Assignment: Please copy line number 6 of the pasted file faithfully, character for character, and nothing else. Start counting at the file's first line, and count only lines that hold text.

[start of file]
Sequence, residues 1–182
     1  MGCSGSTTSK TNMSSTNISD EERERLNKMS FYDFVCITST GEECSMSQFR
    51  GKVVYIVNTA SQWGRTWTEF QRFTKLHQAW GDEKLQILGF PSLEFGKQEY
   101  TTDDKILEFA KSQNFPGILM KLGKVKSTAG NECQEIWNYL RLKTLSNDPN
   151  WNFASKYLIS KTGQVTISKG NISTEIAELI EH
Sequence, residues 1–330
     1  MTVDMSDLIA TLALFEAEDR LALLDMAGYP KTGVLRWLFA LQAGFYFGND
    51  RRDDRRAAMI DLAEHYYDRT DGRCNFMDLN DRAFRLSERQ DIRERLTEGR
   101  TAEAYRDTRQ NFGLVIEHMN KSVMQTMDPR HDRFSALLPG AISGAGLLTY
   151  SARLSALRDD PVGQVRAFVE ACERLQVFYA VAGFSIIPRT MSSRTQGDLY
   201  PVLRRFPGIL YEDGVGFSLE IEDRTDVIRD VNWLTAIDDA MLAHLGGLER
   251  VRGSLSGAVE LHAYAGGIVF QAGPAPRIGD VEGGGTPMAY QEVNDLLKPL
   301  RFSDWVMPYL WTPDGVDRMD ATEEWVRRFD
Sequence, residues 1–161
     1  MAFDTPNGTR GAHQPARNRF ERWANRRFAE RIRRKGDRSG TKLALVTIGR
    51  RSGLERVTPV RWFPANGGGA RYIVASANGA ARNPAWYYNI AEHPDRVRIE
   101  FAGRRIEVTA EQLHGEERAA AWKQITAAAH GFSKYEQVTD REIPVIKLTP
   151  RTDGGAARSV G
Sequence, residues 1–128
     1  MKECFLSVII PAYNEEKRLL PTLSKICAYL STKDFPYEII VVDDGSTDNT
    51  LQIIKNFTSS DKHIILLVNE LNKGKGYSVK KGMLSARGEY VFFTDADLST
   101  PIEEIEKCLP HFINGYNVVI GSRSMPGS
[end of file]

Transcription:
Sequence, residues 1–330